NAND flash was largely developed to give flash memory a fighting chance in the market against the competition, such as hard disks and other magnetic storage options. By cutting the costs per bit and increasing chip capacity, NAND flash has carved out a place in the storage market for flash, which, until recently, was often significantly pricier than the alternatives.
The number of NAND flash memory types can look a little daunting at first glance, but given that each type is clearly named for the number of bits used per flash media cell, getting to know them is relatively simple work.
Below, we lay out the five major NAND flash memory types and where they're used, as well as cover their benefits and drawbacks.
Single-level cell (SLC) NAND, as the name indicates, stores one bit in each cell. There are two states SLC NAND can be in: programmed (0) or erased (1), which depends on the level of charge that is applied to the cell. Because the number of potential states is limited to two, determining the state of a cell is a quick process.
SLC NAND is the simplest of the NAND flash memory types and has a very low chance of error. SLC NAND memory cells can take about 100,000 write operations before failure, giving them the highest endurance of the NAND types. However, it is also the most expensive option; it's more than twice the price of multi-level cell NAND. Because of the high price, performance and reliability of SLC, it is most often used in commercial and industry applications.
Perhaps the most cryptically named of the bunch, multi-level cell (MLC) NAND stores two bits per cell. This means that there are four possible states (00, 01, 10, 11,) as opposed to SLC's two. Serving as a midpoint between single- and triple-level cells, MLC has a higher bit rate than SLC, which lowers the number of write-cycles it can sustain and increases the chance of error. MLC NAND can take about 10,000 write-cycles per cell.
As mentioned previously, however, MLC NAND is significantly less expensive than SLC and is the right choice for many use cases. Manufacturers of consumer-based electronic devices, such as PCs, are partial to MLC NAND thanks to its lower price tag.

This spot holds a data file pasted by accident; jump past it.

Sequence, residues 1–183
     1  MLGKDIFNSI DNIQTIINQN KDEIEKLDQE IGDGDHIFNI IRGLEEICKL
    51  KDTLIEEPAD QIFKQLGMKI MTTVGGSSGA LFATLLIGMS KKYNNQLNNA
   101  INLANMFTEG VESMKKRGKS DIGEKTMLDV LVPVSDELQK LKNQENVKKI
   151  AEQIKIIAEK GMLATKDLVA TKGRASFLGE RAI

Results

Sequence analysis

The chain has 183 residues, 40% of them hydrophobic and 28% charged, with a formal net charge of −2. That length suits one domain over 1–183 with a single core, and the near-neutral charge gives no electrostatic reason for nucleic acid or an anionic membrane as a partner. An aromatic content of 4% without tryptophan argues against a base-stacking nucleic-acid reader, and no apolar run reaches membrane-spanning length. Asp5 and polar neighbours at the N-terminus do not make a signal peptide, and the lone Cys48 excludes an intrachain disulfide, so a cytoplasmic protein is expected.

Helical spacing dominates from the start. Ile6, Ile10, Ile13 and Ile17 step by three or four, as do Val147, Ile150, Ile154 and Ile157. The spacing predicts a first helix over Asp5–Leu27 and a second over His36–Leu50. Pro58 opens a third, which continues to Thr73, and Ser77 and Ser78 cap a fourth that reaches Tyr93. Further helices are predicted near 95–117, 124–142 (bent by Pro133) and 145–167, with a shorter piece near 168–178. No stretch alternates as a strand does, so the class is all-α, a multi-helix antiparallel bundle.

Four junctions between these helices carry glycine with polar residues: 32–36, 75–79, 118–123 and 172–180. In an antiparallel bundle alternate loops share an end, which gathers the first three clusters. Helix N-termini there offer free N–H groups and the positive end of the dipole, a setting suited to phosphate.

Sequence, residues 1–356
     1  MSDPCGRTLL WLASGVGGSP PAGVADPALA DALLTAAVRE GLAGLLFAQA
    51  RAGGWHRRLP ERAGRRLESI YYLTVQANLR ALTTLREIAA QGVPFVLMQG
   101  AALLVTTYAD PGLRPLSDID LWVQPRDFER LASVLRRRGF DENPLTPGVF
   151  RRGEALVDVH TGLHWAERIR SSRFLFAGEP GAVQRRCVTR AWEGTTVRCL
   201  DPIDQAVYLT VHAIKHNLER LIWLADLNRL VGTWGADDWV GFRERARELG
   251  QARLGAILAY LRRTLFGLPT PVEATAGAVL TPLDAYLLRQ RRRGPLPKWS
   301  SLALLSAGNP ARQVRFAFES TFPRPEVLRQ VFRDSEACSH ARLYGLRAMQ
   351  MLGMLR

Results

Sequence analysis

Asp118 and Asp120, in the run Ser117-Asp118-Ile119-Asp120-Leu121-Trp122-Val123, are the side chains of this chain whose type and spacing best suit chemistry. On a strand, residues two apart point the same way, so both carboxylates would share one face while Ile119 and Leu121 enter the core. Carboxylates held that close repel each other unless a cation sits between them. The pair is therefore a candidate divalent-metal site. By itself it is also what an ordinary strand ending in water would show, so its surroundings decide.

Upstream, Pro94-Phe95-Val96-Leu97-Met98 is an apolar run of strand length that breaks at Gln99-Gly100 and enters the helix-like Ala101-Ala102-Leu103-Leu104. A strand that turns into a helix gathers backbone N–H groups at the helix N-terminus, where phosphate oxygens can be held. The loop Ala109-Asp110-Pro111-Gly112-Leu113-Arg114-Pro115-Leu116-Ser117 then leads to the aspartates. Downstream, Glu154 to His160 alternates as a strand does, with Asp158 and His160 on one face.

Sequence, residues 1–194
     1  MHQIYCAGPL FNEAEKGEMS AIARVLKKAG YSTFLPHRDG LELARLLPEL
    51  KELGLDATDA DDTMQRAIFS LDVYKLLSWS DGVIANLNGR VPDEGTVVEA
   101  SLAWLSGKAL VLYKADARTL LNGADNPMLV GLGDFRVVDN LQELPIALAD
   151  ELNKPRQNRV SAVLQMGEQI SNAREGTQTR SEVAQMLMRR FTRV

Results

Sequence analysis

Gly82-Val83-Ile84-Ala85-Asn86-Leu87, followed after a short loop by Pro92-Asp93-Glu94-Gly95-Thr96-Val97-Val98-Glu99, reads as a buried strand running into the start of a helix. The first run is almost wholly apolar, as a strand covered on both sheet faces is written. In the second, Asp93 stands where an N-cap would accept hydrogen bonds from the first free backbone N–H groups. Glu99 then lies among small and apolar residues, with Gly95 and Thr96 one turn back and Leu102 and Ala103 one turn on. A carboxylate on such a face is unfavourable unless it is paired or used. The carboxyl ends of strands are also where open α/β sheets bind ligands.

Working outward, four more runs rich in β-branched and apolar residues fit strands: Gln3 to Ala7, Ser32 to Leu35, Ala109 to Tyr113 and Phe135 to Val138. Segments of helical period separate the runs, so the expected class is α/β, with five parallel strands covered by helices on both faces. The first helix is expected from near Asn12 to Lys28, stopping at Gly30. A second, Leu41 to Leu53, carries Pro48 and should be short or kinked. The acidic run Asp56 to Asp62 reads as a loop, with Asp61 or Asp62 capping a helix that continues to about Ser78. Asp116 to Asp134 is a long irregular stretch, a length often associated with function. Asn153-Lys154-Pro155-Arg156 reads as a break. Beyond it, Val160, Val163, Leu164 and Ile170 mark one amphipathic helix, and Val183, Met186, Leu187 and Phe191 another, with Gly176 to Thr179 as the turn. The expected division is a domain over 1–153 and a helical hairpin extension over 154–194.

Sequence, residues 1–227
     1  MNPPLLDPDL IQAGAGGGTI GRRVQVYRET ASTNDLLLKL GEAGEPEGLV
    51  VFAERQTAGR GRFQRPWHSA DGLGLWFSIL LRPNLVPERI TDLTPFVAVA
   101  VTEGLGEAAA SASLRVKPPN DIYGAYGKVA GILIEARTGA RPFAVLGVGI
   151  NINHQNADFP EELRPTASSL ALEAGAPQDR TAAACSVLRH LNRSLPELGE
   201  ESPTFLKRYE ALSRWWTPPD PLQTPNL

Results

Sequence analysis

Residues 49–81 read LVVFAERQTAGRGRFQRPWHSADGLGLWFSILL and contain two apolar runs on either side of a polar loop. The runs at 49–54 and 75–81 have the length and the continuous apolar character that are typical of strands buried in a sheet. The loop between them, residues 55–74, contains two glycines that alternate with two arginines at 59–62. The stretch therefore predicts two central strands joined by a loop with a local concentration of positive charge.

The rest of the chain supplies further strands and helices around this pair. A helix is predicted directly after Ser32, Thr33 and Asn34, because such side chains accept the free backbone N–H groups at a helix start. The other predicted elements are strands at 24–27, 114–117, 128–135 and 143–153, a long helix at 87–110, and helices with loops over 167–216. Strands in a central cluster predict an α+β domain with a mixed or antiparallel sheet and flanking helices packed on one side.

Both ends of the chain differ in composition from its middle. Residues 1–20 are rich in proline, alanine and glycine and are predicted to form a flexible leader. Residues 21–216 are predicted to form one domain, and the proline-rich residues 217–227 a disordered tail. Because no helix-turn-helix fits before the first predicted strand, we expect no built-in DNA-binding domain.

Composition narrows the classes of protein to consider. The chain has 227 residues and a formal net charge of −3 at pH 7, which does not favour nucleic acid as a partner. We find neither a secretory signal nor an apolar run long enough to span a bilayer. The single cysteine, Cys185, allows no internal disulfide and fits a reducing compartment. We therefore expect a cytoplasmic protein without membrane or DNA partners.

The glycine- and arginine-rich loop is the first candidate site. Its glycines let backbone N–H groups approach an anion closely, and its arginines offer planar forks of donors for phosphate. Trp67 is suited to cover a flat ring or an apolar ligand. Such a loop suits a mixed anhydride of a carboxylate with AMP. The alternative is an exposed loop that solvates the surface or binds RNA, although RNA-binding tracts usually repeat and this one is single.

However, MLC NAND is not limited to consumer-grade flash. Enterprise MLC (eMLC) is an enhanced type of MLC NAND that accommodates more write-cycles than the consumer variety. EMLC NAND can handle 20,000-30,000 write-cycles, making it better suited to more demanding use cases while avoiding steep SLC costs.
Boasting three bits per memory cell, triple-level cell (TLC) NAND is another type of NAND flash memory suited to consumer-level products. Also referred to as MLC-3, 3-bit MLC and X3, TLC NAND comes with a lower price tag than both SLC and MLC NAND. There are eight possible states for TLC NAND: 000, 001, 010, 011, 100, 101, 110 and 111.
TLC has a higher storage density than SLC and MLC and a lower cost per bit. However, these come at a cost; TLC NAND has lower performance, longevity and reliability. TLC NAND benefits from the addition of 3D NAND, expanding its potential enterprise use cases.
Quad-level cell (QLC) NAND stores four bits in each memory cell. Continuing with the previous trend, QLC NAND is cheaper than the above options, but has lower endurance for writes. QLC was developed for the additional storage capacity it provides SSDs and is capable of faster reads than other types of NAND flash.
QLC NAND is suited particularly to read-intensive applications and is used for applications supporting AI, machine learning and deep learning, where data is typically written once. It is not suited to write-intensive workloads, supporting around 100 write cycles. As with other NAND flash memory types, the addition of 3D NAND can boost the number of write cycles QLC NAND can endure. However, with QLC, this change only increases the number of write cycles to about 1,000.
While 2D or planar NAND has one layer of memory cells, 3D NAND stacks cells vertically in multiple layers. 3D NAND SSDs are available using MLC, TLC and QLC NAND technology, but not SLC NAND. With 3D NAND architecture, an SSD has much higher density than with planar NAND, in a smaller physical space. Higher density means that 3D NAND SSDs are lower in cost per gigabyte, require less power consumption and have a higher write performance.
However, there are some disadvantages to using 3D NAND instead of 2D. The cost of manufacturing 3D NAND is higher at the outset, requiring additional steps not necessary in the production of 2D NAND SSDs. 3D NAND can be used in all the same scenarios as planar NAND, but its use will depend on the organization's requirements and budget constraints.